Whoever set fire to the huge Heyope old car tyre dump near Knighton, Powys, may not have known that their idea would enter the record books. From 1989 to 2004, yes, for fifteen years, the tens of millions of tyres at the dump smouldered away steadily. They were packed too tightly underground for firefighters to extinguish and as a result, released all kinds of toxic nasties into the atmosphere, the local waterways and the soil.
Perhaps one silver lining is that due to events like the Heyope tyre fire, the dangerous tyre dumps are now illegal. In their place, a network of licenced companies have been set up to recycle tyres. Creating useful products, such as Astroturf pitches, playground surfaces, industrial flooring, running tracks and carpet underlay. Sadly, the majority of waste tyres still end up as fuel for combustion kilns. Creating flood defences and landfills as part of their engineering. So what can you do with your old car tyres?
Disposing old car tyres
Figuring out what to do with the forty million waste tyres we generate each year in the UK is still a massive headache. Yet eco-friendly companies around the world are facing the problem head-on. If you’re looking for some big thinking and inspiration then take a look at how countries from around the world are finding resolution:
- PYReco plan to set up a state-of-the-art tyre reprocessing plant in Redcar to extract oil, gas, carbon black and steel from waste tyres. Though raising the £85m investment has proved challenging so far.
- The US has been using waste tyre material in road resurfacing since the 60s. Yet here in the UK we only began trials back in 2013. The test rubber road in Dundee was found to be far quieter than standard British road surfaces, cutting traffic noise by 25%.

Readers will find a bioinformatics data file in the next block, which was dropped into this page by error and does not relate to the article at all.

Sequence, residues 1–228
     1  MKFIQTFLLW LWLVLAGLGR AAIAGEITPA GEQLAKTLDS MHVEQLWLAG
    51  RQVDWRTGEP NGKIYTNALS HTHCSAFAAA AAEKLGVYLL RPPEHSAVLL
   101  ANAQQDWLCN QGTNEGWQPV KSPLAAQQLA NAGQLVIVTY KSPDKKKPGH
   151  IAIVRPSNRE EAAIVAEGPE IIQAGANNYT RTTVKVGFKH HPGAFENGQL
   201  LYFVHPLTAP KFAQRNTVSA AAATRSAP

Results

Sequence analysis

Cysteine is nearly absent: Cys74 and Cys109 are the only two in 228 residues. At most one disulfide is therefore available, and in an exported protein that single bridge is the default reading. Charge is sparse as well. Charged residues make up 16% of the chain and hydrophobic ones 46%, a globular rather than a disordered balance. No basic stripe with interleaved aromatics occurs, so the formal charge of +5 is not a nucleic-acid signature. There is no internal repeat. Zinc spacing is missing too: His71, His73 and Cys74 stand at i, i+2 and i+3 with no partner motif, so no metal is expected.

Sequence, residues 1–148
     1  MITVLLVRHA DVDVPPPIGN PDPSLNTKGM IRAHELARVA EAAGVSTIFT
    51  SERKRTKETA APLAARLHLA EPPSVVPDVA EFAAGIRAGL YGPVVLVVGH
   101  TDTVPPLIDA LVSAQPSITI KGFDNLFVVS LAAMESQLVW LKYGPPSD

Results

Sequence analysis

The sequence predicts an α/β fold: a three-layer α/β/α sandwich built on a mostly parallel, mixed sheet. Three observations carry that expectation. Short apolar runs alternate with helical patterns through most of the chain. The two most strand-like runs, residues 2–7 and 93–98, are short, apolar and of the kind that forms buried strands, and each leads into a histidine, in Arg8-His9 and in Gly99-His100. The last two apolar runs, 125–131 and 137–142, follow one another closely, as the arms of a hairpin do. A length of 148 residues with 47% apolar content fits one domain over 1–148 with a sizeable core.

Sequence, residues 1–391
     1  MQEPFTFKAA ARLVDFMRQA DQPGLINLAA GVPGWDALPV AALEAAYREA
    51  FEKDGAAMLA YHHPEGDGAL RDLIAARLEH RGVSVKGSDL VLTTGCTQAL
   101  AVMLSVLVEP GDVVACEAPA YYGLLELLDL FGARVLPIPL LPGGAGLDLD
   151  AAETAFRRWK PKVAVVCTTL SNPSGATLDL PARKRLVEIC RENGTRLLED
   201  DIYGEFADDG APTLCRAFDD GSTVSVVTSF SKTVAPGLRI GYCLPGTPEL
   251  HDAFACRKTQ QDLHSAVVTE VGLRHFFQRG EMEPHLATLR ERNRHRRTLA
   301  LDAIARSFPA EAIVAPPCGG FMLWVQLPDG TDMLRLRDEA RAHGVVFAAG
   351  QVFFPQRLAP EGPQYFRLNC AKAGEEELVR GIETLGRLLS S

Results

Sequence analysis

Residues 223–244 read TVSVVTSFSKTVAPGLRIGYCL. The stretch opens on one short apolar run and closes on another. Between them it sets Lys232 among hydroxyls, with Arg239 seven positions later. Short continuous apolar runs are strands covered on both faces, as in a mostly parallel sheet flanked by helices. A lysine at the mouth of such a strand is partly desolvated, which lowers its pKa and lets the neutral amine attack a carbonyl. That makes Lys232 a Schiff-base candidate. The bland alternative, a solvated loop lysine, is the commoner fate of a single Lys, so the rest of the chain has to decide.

- A green start-up company in Australia announced recently that they’ve discovered an emission-free way to extract bio-diesel from waste tyres.
What can we do at home to help?
Every day, 100,000 tyres are taken off cars – they have to go somewhere! And as much as we like to think so, there isn’t one solution that can fulfil that demand. We need a combination of big thinking projects and smaller ideas at home. Preserving the life of your tyres is a good start – the longer they last, the less tyre waste is produced. Here’s how you can preserve your tyre lifespan:
- Drive carefully, avoid harsh braking and check your tyre pressure regularly to prolong the life of your tyres.
- Remember the harder, faster and heavier the load of the car, the quicker your tyres will wear. If you have a lot of junk in the back of your car, consider removing it to lighten the pressure.
- Moving home? Don’t make excessive trips in your car, save your tyres and fuel by hiring a man with a van instead. For more information, go to their website
- When replacing your car tyres, opt for the best quality you can afford as these will last longer than cheap, poorly made versions.
- When replacing your truck, van or caravan tyres, consider quality ‘retreads’ from companies such as Bridgestone, Continental, Goodyear and Michelin instead of brand new budget tyres.
Upcycling old car tyres
Of course, as with anything, prevention is our favourite method of reducing waste. But ultimately, your old car tyres are going to need replacing. So what can you do with the old ones? Well, we suggest upcycling them into a fun project – just make sure you wash them first!
DIY yourself a tyre planter for the garden using this tutorial. Please note, we recommend not using these for edible plants, just to be on the safe side.
Kids love a chain tyre swing and this tutorial demonstrates how to make this sturdy horizontal version safely and cheaply.
Car tyres are one of the most difficult items of waste to reduce, reuse or even recycle. So don’t worry if it takes you a while to get to grips with this one. Just do what you can when you can and you’ll be doing your part. You could even go a step further to try and prevent any illegal old car tyre waste from building up in your local area by reporting tyre dumping.
By reporting any tyre dumping to the local council, especially if a large number appear overnight in a rural location, you cna help protect the environment. Whilst the tyres could be above board and held under licence, plenty of dangerous tyre dumps are still regularly concealed from the authorities so be cautious about where yours end up.